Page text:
I knew Ben McCormack and he was ordinary

WHAT does the neighbourhood pervert look like?

Now we know. He's not dirty and seedy. He's not homeless. He's young. Clean-cut. Ordinary. He wouldn't be caught dead in a dirty-old-man trench coat.

He might be, like former A Current Affair journalist Ben McCormack, a volunteer lifesaver who spends his weekends training nippers. He might, like former American politician Anthony Weiner, be married to a beautiful and highly successful woman whose glittering career ­matches his own.

And so now we know.

Pederasts and child abusers aren't creepy looking outcasts. They're successful men at the heart of commerce and society.

You probably know a couple, consider them friendly acquaintances. I certainly did.

I'd encountered ACA's McCormack a few times professionally, and found him polite, open, friendly and ­enthusiastic in person. He was close friends with a couple of people I respect enormously, although he had also offended another friend with some of his social media rants about world politics. He was someone, I thought, who obviously had an intense and bitchy side, but who seemed keen for everybody to like him.

And now we know he was secretly discussing the sexual abuse of children online, referring to himself as a "proud ped" and "proud b(oy) lover". He admitted in his online conversations to having links to child-abuse material - the kinds of pictures and videos for which young bodies have been ­exploited in the most stomach-turning ways.

I did not sense anything even slightly sinister about the guy.

And if I didn't feel any ­unease - a grown woman who has spent a couple of decades in the relatively worldly profession of journalism, and who has encountered plenty of sexual offenders through my work - how could any child be expected to be wary of him?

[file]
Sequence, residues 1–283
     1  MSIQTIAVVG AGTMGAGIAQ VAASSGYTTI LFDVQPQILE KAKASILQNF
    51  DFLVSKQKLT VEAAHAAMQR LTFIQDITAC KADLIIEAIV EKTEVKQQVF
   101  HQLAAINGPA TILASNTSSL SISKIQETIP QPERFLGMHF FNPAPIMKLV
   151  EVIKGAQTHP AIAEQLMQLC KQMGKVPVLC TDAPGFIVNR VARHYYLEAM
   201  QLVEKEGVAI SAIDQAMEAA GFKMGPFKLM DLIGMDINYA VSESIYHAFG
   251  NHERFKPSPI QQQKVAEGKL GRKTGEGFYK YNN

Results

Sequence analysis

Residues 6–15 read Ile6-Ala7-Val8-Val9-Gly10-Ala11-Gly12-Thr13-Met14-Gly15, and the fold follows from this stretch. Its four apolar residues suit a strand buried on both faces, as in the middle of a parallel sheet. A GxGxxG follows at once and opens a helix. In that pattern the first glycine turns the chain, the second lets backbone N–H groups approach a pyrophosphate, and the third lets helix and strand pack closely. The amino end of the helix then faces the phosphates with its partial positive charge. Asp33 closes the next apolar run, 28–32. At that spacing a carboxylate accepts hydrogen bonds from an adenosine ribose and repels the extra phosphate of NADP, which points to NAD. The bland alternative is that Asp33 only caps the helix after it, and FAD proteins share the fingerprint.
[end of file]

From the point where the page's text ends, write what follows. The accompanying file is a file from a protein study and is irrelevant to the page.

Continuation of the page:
McCormack pleaded guilty this week to two child porno­graphy offences after his online conversations were intercepted by police.

Just a day later, former US politician Anthony Weiner was sentenced to 21 months in prison for transferring obscene material to a minor - specifically, pictures of his genitalia to a 15-year-old girl in an online chat.

The urbane, successful nat­ure of these people is exactly what makes them frightening.

And they are the reason, I think, why modern parents are 100 per cent right to keep their children close.

"Oh, it's such a shame parents don't let their kids walk to school alone any more," you often hear someone say.

Or: "When we were kids we just roamed the neighbourhood. Mum used to kick us out the kitchen door and say 'Come back for dinner'."

Yep. And now we know that in that unsupervised time, our friends, relatives, schoolmates were being abused - not by some freaky-looking guy they should have avoided, but by the local soccer coach, the maths teacher, the next-door kids' dad. Someone utterly ­unremarkable. Someone children could never, ever know to avoid.

There's a common idea that our children are living in an ­incredibly dangerous world, and that child sexual abuse is more rampant now than it was in the past.

I seriously doubt it. The ­internet has provided these creep shows with a forum and a platform to share material - but I think their tendencies are nothing new. Paedophilia has been with humankind, I'd hazard, since we crawled from the swamp and stood up on two legs.

Some adults will take sexual advantage of the small and weak.

Those victims may, as adults, grow up to themselves become perpetrators.

That's the nauseating cycle of sexual abuse.

So here's the difference: today there is no excuse for being ignorant about the risks children face.

Thanks to the slow breakdown of the old taboos about admitting to being a victim of sexual abuse, today's parents must know that the dangers to their children are real.

In previous generations, the taboo protected offenders. It meant parents could quite reasonably have been naive about the extent to which their children were vulnerable.

Now we cannot claim ­naivete or ignorance as a ­defence. We probably all know an Anthony Weiner or a Ben McCormack.

News Corp Australia

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